Hey there, Herbology Faeries! Since spring is almost here, I thought I’d share a new herb profile today about the herb I most associate with early spring: nettle.
Nettle, or stinging nettle, is a sign of early spring because in many places it flourishes during this time. Nettle is also a beneficial spring ally in aiding with seasonal allergies, nourishing and toning body systems after the winter, fighting inflammation, and much more. Folk traditions see nettle as a protective ally, helping with not only healing but also courage and banishing, and it’s not hard to see why when you encounter its prickles!
I know there are many who forage fresh nettles in the spring. There are many benefits to consuming local, fresh nettles. That said, not everyone has local nettles available or are not able to get out there and brave the stings to collect them fresh. That’s okay—high quality dried nettle can be purchased from small online apothecaries or Mountain Rose Herbs.
Nettle is a salty, slightly bitter, cooling and drying herb. It is nutrient dense, full of fiber, iron, calcium, and magnesium. Not only is nettle used to support allergies and to nourish the body, but it’s said to aid menstrual issues, eczema, fatigue, arthritis, and more. It’s a wonderful herb to consume daily as a holistic health aid for maintaining energy and health. The main safety considerations with nettles are the stings if you are working with fresh nettles (use gloves and blanch the leaves before consumption), and the diuretic effect the herb has—you might need to adjust your intake based on how strongly this affects you.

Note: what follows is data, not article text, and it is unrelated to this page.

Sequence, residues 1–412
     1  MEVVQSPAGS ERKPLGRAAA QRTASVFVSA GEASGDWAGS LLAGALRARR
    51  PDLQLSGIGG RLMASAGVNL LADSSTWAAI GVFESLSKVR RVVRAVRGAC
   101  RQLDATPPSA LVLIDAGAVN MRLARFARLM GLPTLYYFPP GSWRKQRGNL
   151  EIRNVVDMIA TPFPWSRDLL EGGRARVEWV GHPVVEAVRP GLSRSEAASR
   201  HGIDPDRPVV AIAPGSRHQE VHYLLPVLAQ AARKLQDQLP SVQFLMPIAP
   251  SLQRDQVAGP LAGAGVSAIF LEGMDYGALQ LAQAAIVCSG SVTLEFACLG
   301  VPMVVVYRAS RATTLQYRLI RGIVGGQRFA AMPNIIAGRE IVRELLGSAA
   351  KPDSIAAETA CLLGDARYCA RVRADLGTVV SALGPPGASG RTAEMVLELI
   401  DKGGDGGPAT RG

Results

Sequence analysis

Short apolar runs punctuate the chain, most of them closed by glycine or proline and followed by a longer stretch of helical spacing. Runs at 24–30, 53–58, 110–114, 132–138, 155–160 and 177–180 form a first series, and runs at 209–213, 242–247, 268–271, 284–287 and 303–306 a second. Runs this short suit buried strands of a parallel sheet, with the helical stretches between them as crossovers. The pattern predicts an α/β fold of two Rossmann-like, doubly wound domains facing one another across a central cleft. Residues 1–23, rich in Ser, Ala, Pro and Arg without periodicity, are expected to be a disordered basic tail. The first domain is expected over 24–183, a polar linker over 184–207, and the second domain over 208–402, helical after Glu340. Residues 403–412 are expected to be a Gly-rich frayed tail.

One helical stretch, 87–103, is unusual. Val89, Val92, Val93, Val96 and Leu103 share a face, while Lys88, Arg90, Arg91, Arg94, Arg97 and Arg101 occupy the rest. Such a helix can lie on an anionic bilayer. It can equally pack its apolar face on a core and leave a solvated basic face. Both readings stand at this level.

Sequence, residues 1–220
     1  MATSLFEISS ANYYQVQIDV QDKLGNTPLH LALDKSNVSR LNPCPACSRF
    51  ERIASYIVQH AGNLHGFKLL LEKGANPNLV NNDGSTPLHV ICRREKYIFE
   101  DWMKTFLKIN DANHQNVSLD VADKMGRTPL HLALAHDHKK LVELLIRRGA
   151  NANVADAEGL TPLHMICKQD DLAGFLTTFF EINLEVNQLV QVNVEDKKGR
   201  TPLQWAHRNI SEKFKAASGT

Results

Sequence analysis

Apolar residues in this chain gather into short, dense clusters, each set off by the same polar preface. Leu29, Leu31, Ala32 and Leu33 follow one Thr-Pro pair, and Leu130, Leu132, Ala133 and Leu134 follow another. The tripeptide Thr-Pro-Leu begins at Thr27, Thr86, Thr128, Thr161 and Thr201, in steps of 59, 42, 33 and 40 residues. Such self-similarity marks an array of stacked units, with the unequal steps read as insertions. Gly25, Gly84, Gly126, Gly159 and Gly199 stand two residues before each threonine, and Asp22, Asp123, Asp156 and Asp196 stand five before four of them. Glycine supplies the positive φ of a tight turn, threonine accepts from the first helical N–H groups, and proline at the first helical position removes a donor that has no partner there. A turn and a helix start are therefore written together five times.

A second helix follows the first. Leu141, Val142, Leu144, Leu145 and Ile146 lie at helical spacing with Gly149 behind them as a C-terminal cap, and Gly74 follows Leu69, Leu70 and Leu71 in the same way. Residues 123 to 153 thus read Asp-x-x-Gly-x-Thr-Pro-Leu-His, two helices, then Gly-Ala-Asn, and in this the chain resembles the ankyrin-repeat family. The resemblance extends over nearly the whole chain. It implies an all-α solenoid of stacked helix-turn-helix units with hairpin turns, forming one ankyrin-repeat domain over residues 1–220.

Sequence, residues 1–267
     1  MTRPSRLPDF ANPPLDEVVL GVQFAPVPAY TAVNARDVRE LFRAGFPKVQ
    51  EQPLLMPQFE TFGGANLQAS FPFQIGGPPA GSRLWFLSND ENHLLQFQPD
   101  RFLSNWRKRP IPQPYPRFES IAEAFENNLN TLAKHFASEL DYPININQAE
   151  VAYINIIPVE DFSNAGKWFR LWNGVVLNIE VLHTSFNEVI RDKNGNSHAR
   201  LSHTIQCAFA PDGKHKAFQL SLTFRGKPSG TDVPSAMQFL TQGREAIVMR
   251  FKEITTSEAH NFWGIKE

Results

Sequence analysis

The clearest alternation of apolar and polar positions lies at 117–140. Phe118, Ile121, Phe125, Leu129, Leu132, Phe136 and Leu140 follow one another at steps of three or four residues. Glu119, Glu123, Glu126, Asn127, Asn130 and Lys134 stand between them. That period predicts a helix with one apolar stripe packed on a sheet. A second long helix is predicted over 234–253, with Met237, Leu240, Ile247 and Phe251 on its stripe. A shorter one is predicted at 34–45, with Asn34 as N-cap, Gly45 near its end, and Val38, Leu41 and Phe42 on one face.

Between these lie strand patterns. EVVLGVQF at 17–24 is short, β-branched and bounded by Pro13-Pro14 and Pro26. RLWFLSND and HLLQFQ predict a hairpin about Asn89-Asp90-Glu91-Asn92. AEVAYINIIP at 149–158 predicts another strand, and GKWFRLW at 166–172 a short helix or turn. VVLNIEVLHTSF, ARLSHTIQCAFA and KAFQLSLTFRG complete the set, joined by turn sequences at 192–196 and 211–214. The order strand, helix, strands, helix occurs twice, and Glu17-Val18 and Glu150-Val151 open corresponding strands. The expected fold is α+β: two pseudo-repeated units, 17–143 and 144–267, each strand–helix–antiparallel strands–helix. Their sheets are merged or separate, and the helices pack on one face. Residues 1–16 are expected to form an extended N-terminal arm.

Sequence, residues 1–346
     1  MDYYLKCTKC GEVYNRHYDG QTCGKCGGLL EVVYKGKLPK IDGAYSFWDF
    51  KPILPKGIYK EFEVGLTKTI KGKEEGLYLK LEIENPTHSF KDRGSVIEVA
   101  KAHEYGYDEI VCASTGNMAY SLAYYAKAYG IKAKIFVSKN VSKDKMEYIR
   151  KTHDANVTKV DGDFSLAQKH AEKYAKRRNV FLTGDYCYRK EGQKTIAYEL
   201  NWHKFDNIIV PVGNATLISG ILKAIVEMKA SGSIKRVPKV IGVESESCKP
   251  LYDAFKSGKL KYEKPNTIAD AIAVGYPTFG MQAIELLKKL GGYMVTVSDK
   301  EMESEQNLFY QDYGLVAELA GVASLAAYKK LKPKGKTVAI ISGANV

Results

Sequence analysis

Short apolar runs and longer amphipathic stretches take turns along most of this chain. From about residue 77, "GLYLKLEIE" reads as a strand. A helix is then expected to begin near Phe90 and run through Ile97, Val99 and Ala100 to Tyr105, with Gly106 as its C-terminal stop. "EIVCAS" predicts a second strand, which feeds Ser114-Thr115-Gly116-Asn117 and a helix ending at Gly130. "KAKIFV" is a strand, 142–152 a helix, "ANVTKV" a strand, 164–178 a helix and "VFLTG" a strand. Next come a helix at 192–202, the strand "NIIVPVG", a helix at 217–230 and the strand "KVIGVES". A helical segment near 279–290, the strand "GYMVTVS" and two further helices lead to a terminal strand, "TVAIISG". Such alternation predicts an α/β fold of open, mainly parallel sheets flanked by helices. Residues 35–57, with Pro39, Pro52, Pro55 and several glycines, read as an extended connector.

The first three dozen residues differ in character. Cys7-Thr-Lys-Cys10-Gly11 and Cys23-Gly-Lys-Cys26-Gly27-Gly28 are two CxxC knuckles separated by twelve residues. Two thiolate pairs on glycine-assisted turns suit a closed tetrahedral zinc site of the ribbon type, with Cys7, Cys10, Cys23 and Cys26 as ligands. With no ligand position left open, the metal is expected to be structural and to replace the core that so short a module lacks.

I do drink nettle in tea—it goes well combined with herbs like mint and rose. I am also intrigued with the idea of using nettle as food! You see many instances of this online: nettle pesto, nettle soup, even dried nettle used in baking. I am experimenting with using nettle in homemade ramen recipes for a salty, mineral-y kick and added nutrition!
Here is a simple springtime tea recipe featuring nettle, to get you started with this wonderful ally!
Daily Nettle Boost:
• 1 part nettle
• 1 part tulsi
• 1 part peppermint
• 1/2 part rosemary
This can be hot-brewed by the cup if you prefer it in small doses. You can also hot or cold brew it in a larger batch in a glass jar. If cold brewing, the longer you let it brew, the more helpful constituents will be infused into your tea. I’ve run across some sources that say you should hot brew nettle and let it infuse for 4+ hours to reap the full benefits, but I prefer my nettle a bit weaker and more palatable than that—to keep me coming back to it!
Have you tried nettles? How do you like to prepare them, or how do you think you would like to if you’re new to them?
• Rosalee de la Foret, Alchemy of Herbs
• Herb Mentor’s Stinging Nettle monographs
• Sarah Farr, Healing Herbal Teas